Right now I have lost (respectively forgotten):
- the good one of my 1 litre aluminium drinking bottles by leaving it after fixing the chain (I bought a new one in Bedburg, only 750 ml, but also with a drinking straw)
- one cotton bag with fruits during cycling and one cotton bag I used for collecting my laundry, which I left at Franzi's home, were I was able to use a washing machine (Octavian gave me two new one he didn't need)
- my water proofed windbreaker – but fortunately some car drivers adverted to that by honking the horn, so it's actually almost lost
- a nut slice which felt off the bag while I cycled downhill, holding the bag between my left hand and the handelbar
- my bicycle gloves, which I left at the toilette of a café, but realized it then I went on my bike
- a hairbrush (I bought one in Sittard)
- the camera cable to be able to use the photos on a computer (up to now I was often fortunate that my hosts had a card reader)
The bicycler's rules do no longer work: I had constantly wind from the west, that means adverse winds! – regardless how large the forthcoming cyclist's group was. This canal has a different character as my local Main–Danube Canal, bigger, much industry beneath and many people do water skying.Geel, where lots of young people broke up from a raggae festival. Much of funny cars (painted and/or old), also interesting smelling smoke. Bart, my today's host in Antwerp, told me later that this was the festival he had visited, while he wasn't able to host me the day before.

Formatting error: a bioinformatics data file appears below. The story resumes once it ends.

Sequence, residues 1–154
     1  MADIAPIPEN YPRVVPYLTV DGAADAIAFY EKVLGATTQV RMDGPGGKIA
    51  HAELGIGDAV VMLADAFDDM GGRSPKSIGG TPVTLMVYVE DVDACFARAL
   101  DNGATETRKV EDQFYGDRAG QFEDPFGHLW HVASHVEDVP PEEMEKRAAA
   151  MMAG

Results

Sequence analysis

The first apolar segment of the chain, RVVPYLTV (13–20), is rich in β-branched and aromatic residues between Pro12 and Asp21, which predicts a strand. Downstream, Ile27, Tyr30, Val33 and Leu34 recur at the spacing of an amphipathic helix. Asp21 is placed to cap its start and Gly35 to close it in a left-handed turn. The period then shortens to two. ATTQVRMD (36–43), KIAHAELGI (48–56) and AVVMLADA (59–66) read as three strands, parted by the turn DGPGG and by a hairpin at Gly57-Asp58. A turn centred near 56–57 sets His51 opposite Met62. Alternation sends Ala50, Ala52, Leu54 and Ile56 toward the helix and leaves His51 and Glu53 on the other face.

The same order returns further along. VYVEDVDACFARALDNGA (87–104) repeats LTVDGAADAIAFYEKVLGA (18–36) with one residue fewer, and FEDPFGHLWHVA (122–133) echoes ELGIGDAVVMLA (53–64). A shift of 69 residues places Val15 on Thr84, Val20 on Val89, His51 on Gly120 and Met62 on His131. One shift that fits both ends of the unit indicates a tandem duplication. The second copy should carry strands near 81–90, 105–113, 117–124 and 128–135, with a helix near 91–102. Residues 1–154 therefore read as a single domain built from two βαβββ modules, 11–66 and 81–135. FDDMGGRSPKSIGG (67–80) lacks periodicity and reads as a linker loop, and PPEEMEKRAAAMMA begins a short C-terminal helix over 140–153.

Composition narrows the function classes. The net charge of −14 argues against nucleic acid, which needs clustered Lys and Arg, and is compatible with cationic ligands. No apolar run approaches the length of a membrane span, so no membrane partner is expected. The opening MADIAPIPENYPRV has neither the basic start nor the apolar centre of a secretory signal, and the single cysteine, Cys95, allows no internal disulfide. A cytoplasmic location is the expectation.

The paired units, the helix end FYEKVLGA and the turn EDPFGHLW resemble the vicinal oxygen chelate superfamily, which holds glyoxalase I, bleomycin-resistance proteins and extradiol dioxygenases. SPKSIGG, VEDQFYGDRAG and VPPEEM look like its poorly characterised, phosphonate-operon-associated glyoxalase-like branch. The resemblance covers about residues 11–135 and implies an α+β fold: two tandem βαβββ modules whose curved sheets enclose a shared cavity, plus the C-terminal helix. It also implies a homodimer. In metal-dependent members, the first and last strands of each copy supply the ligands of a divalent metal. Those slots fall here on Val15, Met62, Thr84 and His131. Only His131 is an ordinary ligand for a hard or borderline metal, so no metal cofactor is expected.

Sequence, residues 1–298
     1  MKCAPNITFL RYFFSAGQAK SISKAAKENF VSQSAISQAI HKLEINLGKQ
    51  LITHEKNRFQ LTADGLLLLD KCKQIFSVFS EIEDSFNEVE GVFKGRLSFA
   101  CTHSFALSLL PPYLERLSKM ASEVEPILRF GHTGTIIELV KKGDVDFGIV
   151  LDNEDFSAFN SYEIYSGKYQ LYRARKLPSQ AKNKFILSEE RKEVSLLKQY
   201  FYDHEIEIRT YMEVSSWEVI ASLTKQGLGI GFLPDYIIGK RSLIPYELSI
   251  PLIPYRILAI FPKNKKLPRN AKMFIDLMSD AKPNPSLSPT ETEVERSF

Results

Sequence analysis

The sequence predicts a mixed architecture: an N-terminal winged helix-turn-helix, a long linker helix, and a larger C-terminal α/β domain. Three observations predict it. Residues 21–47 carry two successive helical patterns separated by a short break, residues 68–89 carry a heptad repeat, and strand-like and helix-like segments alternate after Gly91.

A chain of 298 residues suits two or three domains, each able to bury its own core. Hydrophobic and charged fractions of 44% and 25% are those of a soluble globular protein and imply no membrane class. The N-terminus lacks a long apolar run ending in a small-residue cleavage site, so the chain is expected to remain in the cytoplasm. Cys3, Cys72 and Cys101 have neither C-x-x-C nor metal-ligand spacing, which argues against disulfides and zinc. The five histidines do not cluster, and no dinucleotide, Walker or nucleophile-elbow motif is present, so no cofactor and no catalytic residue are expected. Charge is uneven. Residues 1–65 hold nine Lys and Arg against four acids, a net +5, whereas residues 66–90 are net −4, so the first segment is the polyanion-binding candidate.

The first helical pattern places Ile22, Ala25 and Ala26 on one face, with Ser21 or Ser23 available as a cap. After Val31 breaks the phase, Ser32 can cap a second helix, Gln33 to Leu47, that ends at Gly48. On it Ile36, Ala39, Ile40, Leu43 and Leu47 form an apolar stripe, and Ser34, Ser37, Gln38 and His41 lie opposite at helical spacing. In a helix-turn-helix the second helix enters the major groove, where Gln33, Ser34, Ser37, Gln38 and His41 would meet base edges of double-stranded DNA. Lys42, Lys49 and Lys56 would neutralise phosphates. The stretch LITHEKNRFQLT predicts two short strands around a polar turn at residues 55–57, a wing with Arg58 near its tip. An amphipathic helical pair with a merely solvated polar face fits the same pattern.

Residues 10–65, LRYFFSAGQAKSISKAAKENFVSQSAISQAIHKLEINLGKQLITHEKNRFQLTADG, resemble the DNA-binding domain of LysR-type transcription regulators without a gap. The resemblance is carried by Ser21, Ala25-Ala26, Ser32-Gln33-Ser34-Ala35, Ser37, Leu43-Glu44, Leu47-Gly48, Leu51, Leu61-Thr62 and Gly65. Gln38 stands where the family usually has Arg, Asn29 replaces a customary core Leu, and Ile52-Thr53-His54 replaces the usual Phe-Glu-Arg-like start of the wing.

Because it was still windy while using the street I turned back to the canal.
Once a forthcoming racing cyclist made the thumbs up sign (regarding the wind plus my package, I think). This was one of the few communicative situations in Belgium. Greeting isn't common there – normally you don't get a reaction when you are greeting. Greeting forthcoming people (especially bicyclists) is one of my hobbies: In Germany they normally answer the greeting and you often get a smile, in the Netherlands they smile at you a priori and you have to be fast to be the first one to greet someone. But in Belgium there's just nothing – not even some irritation, what also would be nice. I really like the people from the Netherlands, other than the Belgium people (nevertheless they are cooperative and friendly when you're searching for the road and so on).
After 105 kilometres I reached Antwerp. First impression was disappointing. Big streets, much traffic, allover industry. But than I met a racing cyclist which stopped while I was asking a woman how to cross a bridge which wasn't allowed for bicycle. He offered to lead my to my host's home, and not only that, it was great to chat. He had seen me on the canal when cycling the other direction, and he was so kind, he choose a route through the historic part of Antwerp and made a small tourist guiding. Thank you so much, Wim, I would love to here from you again!